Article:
January 4th

Today was a full and rewarding day! Our team was in surgeries, at hospice and doing education all day.

I got to assist Dr. Steve in surgery today (my first time ever seeing anything like that!), and was absolutely blown away. They start their day with chapel and some of the most beautiful singing and reciting the Lord’s Prayer. Steve then gave a great presentation to the medical staff there about back pain in children and the assessments to do for it, and the staff listened very attentively and asked in-depth questions. They always are so eager to learn as much as possible, and we love getting to learn from them as well. We moved into surgery after that and was instantly met with the difference of time perception here. We thought we were arriving late, and then realized that we still were waiting on one of the doctors and our first patient hadn’t even arrived yet. They don’t give patients specific appointment times here, so they will just arrive in the morning and then wait for their turn, some of them waiting the whole day.

The way they live on their faith in their work is beautiful. There is powerful picture hanging in between the operating rooms that shows a surgeon, his assistant, the patient, and Jesus standing behind the surgeon with his hand on his shoulder. Every time I got tired and lightheaded, I would remember that image and calmness would wash over me. The Lord was with us today as we did His work, and He steadily reminded us to persevere. We started each surgery with a prayer, and it set a beautiful tone for the work we were doing that day. One patient specifically was very difficult, and we were in surgery for her for over 3 hours. This was our patient with the malunion of the right humerus, and she had been living with this in her arm for over 16 years because she couldn’t afford the surgery to fix it. As I held the surgical cut open, I was thinking over and over about how drastically this woman’s life will be changed after having this fixed. I kept thinking over and over, “thank you Lord for bringing her to us, and giving us the ability to help her.”

When I wasn’t assisting with our assigned surgeries, I went into the neighboring OR rooms. In one I witnessed an emergency C-section, and got to see my first birth! I held the mother’s hand while they sewed her back up, and got to see the moment the mother saw her baby for the first time. It was beautiful. Later that afternoon, we watched the removal of an incredibly massive ovarian cyst that easily could have weighed about 30 lbs! The patient with the cyst was one we had referred from our outreach clinics and will be paying for, and we all stood in awe at the size of it and thinking about the insane pain she must have been in, and the relief she will have after this.

Abby got to go out on hospice visits today, and got to see an interesting variety of cases and help deliver the food bags we prepared Sunday night. She loved getting to see and interact with the incredible staff. This hospice team has over 3,000 patients in their system (which we misheard yesterday), and make anywhere from bi-weekly to yearly check-ups on these patients, some of whom have been in the system since 2013. One patient had end stage brain cancer, which this woman hadn’t had diagnosed until 2 weeks ago. The week previously, the woman was visited by the team and Abby learned that this woman took the diagnosis very hard. It can be very difficult for these patients to be diagnosed with a serious type of cancer, as many people do not live long past their diagnosis. Today, we were encouraged to see her sitting up and engaging with the team. This patient’s two daughters and husband were all home to care for their mother. Abby and the nurses peeked through the medications this patient was taking, and she was shocked to see liquid morphine filling a reused plastic water bottle. A hand-made label was plastered on the bottle describing the name and dosage of the medication. They reuse everything in this country!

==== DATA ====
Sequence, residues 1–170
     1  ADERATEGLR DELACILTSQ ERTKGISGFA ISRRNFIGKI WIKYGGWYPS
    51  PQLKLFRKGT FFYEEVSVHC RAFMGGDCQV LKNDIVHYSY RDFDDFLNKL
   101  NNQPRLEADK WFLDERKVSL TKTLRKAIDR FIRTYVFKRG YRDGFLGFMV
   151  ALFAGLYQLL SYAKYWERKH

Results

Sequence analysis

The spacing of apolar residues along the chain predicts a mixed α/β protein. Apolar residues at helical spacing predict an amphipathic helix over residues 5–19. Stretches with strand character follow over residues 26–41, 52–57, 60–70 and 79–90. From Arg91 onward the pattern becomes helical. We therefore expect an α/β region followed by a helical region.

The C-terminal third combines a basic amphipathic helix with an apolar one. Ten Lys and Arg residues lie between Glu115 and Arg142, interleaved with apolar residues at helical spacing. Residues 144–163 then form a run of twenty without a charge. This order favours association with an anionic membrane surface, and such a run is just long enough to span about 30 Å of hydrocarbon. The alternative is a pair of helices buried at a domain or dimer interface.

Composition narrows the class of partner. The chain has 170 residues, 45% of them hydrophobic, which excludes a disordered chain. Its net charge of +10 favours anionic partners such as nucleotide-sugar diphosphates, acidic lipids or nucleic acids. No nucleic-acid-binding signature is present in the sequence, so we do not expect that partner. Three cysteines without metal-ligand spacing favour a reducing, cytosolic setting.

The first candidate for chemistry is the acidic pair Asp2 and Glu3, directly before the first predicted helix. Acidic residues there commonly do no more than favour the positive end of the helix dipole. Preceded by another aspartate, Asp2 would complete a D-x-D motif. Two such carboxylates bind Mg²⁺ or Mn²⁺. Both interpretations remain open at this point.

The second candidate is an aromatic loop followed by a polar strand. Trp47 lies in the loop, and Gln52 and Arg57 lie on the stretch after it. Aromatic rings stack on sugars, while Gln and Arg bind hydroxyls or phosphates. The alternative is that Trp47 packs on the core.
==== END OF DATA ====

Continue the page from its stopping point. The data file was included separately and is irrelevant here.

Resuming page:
Lynn accompanied us to the hospital today and had the opportunity to assist with education in the hospital’s HIV program for kids. One of the biggest problems with HIV it not just how deadly it is, but also the stigma that surrounds it. The woman who runs this program has been with it for 27 years working to help break that stigma through her program. This program helps 120 children and works on educating them at a child’s level to understand the importance of their medications they take, and what it is they have. They do this through “good Sargent” and “bad Sargent” illustrations to help the kids understand their immune systems and how their med’s help, as well as through games and counseling. When she wasn’t at the clinic, Lynn talked with many of the people waiting at the hospital to be seen, and learned so much about their culture and the 150 tribes that reside peacefully together in Tanzania.

God bless,